Two prominent voices in the debate over the legality of premium subsidies will go head to head Wednesday on the question of whether healthcare reform is succeeding, five years after the Affordable Care Act was signed into law.
With their late-night vote last week, Senate Republicans have joined their House counterparts in passing budget blueprints that set the stage for a fierce battle with the White House over the shape of the nation's healthcare system and appropriate levels of taxation and spending.
With their overnight vote before adjourning Friday morning, Senate Republicans joined their House counterparts in passing budget blueprints that set the stage for a fierce debate with the White House over the shape of the nation's healthcare system and appropriate levels of taxing and spending.
The White House on Friday announced a five-year plan to fight the threat posed by antibiotic-resistant bacteria amid fears that once-treatable germs could become deadly.
There will be no doc fix until at least mid-April. The Senate adjourned for spring break on Friday morning without taking up legislation to permanently repeal Medicare's sustainable growth-rate formula for paying doctors.
Strong new evidence has emerged undercutting one of the key arguments Obamacare foes are using in their U.S. Supreme Court case to disallow premium subsidies in states using the federal insurance exchange.
The U.S. House Thursday voted overwhelmingly in favor of scrapping Medicare's sustainable growth-rate formula, passing a permanent doc fix 392-37. House Minority Leader Nancy Pelosi called the bill “transformative in how it rewards the value, not the volume.”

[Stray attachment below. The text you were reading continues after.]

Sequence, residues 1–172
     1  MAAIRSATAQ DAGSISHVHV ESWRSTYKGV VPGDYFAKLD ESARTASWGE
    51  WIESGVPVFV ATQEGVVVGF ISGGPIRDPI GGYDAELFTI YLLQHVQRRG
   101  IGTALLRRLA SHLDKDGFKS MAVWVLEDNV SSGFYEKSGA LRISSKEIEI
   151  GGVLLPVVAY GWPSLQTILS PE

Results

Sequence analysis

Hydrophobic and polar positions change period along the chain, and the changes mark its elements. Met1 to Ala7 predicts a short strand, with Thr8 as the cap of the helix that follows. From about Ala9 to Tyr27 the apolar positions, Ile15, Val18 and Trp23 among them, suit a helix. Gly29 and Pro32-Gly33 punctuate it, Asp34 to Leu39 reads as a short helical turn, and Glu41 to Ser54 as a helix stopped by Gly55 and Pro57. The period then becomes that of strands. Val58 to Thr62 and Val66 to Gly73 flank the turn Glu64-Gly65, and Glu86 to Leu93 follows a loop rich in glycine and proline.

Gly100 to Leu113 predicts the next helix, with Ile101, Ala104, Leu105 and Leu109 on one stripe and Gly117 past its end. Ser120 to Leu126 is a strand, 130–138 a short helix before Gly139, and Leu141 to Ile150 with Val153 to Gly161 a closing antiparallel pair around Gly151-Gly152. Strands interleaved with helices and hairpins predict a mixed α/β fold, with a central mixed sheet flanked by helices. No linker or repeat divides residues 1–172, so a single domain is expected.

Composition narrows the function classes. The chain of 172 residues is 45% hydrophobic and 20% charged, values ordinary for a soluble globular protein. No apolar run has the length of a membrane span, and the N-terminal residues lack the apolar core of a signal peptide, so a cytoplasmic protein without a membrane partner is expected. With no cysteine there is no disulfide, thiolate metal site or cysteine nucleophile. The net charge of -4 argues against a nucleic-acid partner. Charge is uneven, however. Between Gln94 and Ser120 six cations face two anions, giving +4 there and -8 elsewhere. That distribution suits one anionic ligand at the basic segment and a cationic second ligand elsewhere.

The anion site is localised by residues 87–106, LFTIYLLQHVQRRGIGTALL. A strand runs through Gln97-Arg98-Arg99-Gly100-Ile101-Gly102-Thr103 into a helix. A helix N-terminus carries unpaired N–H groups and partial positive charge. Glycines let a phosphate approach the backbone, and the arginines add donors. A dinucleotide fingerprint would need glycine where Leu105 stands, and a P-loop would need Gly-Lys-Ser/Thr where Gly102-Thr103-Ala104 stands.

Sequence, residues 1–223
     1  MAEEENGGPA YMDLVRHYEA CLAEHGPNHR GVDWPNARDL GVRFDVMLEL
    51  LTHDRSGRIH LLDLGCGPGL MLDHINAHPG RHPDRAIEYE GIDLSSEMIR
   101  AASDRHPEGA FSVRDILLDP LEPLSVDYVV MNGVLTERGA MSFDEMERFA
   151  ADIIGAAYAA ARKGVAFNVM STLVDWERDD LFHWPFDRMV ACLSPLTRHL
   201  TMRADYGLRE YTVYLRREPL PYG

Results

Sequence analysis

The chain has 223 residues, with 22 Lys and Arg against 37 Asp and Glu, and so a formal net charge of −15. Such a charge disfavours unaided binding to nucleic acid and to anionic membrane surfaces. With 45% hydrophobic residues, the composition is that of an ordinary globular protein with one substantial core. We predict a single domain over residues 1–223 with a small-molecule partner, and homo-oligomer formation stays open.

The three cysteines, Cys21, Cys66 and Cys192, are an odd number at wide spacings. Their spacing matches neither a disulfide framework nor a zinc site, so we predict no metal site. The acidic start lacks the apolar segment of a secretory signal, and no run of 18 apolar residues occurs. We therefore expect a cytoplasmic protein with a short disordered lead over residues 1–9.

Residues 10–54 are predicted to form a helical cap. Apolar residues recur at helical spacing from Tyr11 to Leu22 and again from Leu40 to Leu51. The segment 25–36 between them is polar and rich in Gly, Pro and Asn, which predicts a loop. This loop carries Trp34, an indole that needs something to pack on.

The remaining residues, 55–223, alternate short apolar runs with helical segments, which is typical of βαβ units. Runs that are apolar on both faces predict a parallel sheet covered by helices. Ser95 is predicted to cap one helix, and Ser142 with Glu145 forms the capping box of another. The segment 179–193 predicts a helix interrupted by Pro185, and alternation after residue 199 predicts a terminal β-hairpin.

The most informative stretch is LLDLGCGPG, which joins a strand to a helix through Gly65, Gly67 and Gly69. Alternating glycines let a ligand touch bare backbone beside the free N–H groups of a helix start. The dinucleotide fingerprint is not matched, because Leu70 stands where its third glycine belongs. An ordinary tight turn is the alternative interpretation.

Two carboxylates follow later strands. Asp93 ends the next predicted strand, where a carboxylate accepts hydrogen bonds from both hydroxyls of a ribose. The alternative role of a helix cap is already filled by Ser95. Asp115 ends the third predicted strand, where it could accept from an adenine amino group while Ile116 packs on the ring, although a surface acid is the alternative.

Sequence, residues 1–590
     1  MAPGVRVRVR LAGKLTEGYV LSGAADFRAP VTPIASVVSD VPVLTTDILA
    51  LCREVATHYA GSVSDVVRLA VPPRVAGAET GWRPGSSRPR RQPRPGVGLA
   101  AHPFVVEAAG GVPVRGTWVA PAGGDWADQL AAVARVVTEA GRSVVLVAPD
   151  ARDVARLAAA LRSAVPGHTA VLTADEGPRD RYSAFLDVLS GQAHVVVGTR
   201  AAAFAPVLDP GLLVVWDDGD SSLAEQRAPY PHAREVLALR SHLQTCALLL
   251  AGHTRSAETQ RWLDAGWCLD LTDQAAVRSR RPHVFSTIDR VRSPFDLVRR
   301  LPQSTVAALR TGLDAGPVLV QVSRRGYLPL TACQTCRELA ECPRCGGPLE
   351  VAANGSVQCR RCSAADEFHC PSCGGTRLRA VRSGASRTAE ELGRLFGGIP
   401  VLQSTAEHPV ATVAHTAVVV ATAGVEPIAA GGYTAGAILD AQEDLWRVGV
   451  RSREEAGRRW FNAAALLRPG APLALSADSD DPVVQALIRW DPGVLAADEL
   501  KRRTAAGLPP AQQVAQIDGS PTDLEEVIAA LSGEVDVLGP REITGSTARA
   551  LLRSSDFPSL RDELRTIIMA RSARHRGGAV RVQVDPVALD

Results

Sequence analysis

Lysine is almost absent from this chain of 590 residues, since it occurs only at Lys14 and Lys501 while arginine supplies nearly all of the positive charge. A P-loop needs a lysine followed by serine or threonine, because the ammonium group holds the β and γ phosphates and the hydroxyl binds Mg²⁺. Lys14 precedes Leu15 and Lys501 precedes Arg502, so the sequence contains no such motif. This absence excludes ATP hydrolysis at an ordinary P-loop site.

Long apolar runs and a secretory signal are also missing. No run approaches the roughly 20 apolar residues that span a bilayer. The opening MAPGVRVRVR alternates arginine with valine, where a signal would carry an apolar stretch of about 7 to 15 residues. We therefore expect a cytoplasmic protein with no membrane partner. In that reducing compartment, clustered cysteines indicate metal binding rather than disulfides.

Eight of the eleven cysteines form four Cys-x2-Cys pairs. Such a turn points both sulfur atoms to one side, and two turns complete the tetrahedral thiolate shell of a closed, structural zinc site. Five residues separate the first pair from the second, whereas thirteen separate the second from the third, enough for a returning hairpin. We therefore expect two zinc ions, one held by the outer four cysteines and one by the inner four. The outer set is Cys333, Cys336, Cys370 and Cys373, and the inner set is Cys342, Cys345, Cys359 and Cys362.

Normally quarrelsome House Republicans came together and passed a boldly conservative budget that relies on nearly $5 trillion in cuts to eliminate deficits over the next decade, calls for repealing the healthcare law and envisions transformations of the tax code and social programs.
President Barack Obama on Wednesday remained upbeat and defiant against Affordable Care Act naysayers during a White House event to celebrate the controversial law's fifth birthday.
President Barack Obama says he's ready to sign good bipartisan legislation to fix Medicare's doctor payment problem, without endorsing any specific legislation.
When President Barack Obama signed the Affordable Care Act five years ago, he visualized a time when the political hyperbole would be silenced and ordinary people would see that the healthcare law improved their lives.
New regulations released Friday by the federal government address hydraulic fracturing in oil and gas wells but are unlikely to end the public health debate surrounding the controversial extraction process.